Being from Toronto, NYC gave me the opportunity to shop global brands that were not available in Canada. Fashion Television and Jeanne Becker taught me well, I would head down to Soho to the boutiques of Anna Sui, Isaac Mizrahi and my personal favorite Todd Oldham. Todd’s shop was located at 123 Wooster Street and I can not tell you how many times I was there hoping to have a chance run in with him. This was the era of Calvin Klien, Betsey Johnston and Donna Karan and many of the department stores like Bloomingdales and Macy’s were carrying these brands, which offered a poor student like me great sale prices on these popular brands. Then there were the luxury department stores like Saks, Bergdorf Goodman and Barneys, here I liked to window shop and get to see the lines from the runway, truly amazing. Then I discovered NYCs best kept secret at Church and Cortlandt Sts, Century 21. This is an amazing store with last seasons items at incredible discounts, my favorite find was a pair of Jean Paul Gautier pants at 10% of the original ticket price.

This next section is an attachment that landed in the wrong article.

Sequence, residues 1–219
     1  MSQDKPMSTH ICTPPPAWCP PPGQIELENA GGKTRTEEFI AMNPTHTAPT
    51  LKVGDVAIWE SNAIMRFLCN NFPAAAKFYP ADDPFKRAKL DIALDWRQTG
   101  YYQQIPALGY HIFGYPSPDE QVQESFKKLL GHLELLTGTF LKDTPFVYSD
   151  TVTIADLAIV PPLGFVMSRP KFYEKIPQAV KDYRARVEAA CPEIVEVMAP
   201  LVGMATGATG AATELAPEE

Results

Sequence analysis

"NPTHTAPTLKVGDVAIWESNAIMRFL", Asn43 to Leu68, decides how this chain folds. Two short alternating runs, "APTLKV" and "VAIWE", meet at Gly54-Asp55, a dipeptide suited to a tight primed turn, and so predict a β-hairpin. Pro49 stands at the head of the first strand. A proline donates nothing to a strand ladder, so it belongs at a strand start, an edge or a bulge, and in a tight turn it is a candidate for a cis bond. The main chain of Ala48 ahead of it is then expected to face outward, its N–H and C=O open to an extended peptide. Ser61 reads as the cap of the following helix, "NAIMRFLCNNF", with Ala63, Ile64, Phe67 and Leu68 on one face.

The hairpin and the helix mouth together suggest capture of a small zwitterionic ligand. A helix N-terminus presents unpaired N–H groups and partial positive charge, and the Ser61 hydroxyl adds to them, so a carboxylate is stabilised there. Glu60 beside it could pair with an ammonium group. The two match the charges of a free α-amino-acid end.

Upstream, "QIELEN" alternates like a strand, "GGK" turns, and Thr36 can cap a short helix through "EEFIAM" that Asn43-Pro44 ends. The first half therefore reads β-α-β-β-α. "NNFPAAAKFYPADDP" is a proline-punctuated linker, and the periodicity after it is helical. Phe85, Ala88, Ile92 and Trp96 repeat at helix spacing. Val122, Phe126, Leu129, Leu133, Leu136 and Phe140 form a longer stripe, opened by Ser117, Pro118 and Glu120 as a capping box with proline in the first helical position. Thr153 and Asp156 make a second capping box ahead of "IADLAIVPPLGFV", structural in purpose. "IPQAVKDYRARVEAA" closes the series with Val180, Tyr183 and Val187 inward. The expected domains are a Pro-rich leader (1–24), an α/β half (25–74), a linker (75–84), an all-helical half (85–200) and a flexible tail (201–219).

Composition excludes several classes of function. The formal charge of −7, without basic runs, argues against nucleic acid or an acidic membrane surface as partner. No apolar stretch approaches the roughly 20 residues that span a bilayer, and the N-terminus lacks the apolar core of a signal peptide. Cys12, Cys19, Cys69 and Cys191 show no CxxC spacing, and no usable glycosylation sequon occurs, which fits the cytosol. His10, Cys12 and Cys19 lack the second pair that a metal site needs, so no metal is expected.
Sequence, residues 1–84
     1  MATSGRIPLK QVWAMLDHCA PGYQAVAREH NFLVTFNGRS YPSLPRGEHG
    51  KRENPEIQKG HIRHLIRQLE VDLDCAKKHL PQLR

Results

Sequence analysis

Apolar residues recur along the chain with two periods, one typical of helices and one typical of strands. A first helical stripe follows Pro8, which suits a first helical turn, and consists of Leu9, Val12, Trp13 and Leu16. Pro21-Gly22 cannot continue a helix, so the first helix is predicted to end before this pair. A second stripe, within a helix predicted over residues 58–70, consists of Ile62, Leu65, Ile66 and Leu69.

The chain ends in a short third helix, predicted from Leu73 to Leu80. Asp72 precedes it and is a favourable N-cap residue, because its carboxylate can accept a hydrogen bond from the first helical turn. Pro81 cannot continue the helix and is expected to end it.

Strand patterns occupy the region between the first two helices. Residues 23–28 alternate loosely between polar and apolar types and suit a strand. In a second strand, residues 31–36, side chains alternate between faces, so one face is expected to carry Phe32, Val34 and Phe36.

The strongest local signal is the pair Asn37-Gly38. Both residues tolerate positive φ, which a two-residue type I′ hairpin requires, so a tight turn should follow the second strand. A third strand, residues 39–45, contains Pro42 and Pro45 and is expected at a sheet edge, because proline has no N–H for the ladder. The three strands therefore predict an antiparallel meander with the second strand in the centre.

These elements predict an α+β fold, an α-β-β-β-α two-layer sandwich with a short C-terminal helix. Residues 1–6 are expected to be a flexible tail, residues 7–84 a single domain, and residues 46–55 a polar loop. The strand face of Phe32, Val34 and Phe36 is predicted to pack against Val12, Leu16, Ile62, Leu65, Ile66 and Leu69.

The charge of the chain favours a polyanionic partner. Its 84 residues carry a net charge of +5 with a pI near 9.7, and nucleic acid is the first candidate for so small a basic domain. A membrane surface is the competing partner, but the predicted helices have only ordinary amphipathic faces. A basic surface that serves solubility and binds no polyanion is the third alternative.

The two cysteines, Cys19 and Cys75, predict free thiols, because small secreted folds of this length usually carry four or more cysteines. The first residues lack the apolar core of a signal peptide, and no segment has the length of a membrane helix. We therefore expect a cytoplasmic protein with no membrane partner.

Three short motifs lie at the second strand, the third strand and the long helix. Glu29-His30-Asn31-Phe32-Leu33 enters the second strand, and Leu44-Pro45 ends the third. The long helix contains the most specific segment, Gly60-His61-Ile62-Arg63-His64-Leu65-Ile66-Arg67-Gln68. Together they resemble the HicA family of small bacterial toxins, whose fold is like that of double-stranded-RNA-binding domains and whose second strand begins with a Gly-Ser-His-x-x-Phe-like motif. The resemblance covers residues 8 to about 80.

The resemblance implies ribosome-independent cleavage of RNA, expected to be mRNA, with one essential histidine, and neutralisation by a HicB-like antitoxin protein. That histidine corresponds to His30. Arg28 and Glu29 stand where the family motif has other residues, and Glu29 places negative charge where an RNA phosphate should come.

NY is a haven for any fan of skyscrapers and architecture. The Empire State Building, The Chrysler Building, The Flatiron Building, 30 Rock, and the pinnacle on the tip of Manhattan was the World Trade Centre. These incredibly imposing buildings were a highlight of the city through the 90s. Towering over the rest of lower Manhattan and visible from all of the boroughs around the isle. They served as a gateway into the city and a symbol of the optimism of the city and its economic engine. I was hard to imagine the city before these buildings were constructed.